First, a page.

Relying on a pair of metallic 360-degree hinges that are remarkably similar to those on Lenovo’s Yoga series, the Inspiron 15 7000 can transform from a traditional laptop into tent mode by being flipped over like an upside-down “V.” Flip the keyboard toward the bottom to access the presentation-friendly stand mode. Fold the display on top of the laptop’s undercarriage, and you get a 15-inch tablet.
I wanted to like the Inspiron 15 7000’s glossy display, but it was plagued by dull color and dim lighting. As I watched the powerful trailer for The Birth of a Nation on the 1920 x 1080 panel, I couldn’t help but notice how ashen the skin of many of the African-American actors looked, particularly among the darker-skinned characters. Details were clear enough that I could make out tufts of cotton as well as the tears that traced a hot path down Nat Turner’s cheek. As a touch screen, the display was quick and responsive, which comes in handy when you’re in tablet, tent and stand modes.
The display could reproduce only 62 percent of the sRGB gamut, which explained the lackluster color. That is well below the 89 percent mainstream average and the Spectre x360’s 119 percent. The Yoga 700 managed to squeak out 64 percent.
We saw a better result when we tested for color accuracy. The Inspiron 15 hit 0.9 (0 is ideal) on the Delta-E benchmark, thrashing the 4.6 category average as well as the Spectre x360’s 4.1. It wasn’t enough, however, to beat the Yoga 700’s 0.3.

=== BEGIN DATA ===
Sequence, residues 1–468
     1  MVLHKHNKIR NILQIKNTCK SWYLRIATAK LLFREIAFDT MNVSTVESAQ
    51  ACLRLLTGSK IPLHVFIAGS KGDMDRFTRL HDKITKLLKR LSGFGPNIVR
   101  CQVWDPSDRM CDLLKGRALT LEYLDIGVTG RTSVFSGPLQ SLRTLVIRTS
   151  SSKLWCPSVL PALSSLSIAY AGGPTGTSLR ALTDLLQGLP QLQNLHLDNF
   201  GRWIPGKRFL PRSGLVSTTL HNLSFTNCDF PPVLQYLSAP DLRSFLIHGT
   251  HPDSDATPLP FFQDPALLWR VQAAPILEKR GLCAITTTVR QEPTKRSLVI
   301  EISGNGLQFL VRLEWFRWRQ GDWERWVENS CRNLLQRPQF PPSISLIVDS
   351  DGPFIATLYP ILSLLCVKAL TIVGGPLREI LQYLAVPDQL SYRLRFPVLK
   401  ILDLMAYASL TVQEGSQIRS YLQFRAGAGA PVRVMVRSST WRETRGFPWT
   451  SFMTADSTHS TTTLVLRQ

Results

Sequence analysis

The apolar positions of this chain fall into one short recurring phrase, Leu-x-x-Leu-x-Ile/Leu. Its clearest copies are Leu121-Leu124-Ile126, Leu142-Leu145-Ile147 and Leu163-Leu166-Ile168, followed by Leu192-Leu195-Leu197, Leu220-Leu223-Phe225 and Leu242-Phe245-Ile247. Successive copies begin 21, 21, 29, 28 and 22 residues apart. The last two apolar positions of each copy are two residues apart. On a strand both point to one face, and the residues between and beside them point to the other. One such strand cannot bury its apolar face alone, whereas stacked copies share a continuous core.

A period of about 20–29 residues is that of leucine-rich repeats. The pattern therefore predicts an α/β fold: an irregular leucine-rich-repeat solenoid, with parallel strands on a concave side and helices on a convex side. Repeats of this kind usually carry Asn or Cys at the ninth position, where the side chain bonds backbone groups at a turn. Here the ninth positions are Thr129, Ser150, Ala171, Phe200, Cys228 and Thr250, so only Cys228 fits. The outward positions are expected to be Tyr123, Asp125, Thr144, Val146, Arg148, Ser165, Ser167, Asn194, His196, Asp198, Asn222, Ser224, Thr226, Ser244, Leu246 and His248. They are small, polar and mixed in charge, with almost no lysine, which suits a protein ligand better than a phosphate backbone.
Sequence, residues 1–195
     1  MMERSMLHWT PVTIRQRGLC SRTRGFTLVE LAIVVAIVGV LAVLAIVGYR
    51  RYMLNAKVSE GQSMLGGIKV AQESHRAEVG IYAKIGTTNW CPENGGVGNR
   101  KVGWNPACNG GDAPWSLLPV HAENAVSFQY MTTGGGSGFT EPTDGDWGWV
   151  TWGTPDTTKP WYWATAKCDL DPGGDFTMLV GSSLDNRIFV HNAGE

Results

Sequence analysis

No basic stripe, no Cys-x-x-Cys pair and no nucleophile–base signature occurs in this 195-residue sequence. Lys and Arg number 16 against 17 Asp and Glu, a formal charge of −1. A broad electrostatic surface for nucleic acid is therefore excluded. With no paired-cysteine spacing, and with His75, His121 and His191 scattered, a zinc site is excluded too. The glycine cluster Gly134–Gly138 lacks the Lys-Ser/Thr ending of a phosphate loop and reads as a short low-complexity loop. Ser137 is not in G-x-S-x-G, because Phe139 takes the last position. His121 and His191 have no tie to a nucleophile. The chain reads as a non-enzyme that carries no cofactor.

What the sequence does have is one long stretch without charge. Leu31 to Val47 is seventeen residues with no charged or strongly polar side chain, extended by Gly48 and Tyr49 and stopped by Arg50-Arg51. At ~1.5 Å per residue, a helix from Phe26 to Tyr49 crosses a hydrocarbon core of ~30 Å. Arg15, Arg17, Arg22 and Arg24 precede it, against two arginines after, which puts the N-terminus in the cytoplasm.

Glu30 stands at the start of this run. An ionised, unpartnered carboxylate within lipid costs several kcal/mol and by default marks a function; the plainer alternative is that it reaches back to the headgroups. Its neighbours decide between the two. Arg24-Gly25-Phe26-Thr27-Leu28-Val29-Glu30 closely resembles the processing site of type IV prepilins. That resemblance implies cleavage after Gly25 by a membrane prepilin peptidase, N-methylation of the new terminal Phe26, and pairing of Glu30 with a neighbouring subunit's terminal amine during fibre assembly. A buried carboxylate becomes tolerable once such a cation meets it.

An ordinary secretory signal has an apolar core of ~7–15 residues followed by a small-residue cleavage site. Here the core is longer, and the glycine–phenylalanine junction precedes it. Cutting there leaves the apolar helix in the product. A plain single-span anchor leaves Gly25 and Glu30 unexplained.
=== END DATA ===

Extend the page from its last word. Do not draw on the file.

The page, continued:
The Inspiron 15 7000 just missed the 245-nit display brightness average, posting a result of 244 nits. The Spectre x360 did marginally better, at 246 nits, while the Yoga 700 produced a dim 197 nits.
They’re loud, I’ll give them that — but the pair of bottom-mounted speakers on the Inspiron 15 didn’t deliver the clearest of soundscapes. No matter which mode I placed the convertible in, I heard a collision of instruments and vocals. Gallant’s sweet falsetto often fought for top billing against the keyboard and other synthesized instruments in “Bone & Tissue.” It wasn’t quite as bad when I switched to The Internet’s “Girl,” but the bass was submerged no matter which setting I used on the MaxxSense audio software.
KEYBOARD AND TOUCHPAD
I wish Dell had given the Inspiron 15 7000’s keyboard more room to breathe. With all that excess space on the sides, it looks like it’s being unnecessarily, painfully smooshed. Unfortunately, the island-style keys felt the way they look, bottoming out suddenly due to their 1.3 millimeters of key travel (1.5 mm is typical for notebooks). The 63 grams of force needed to depress the keys didn’t help as I had to strike the keys hard just to register a keystroke. And would it have killed Dell to make the Backspace and Enter keys a bit larger?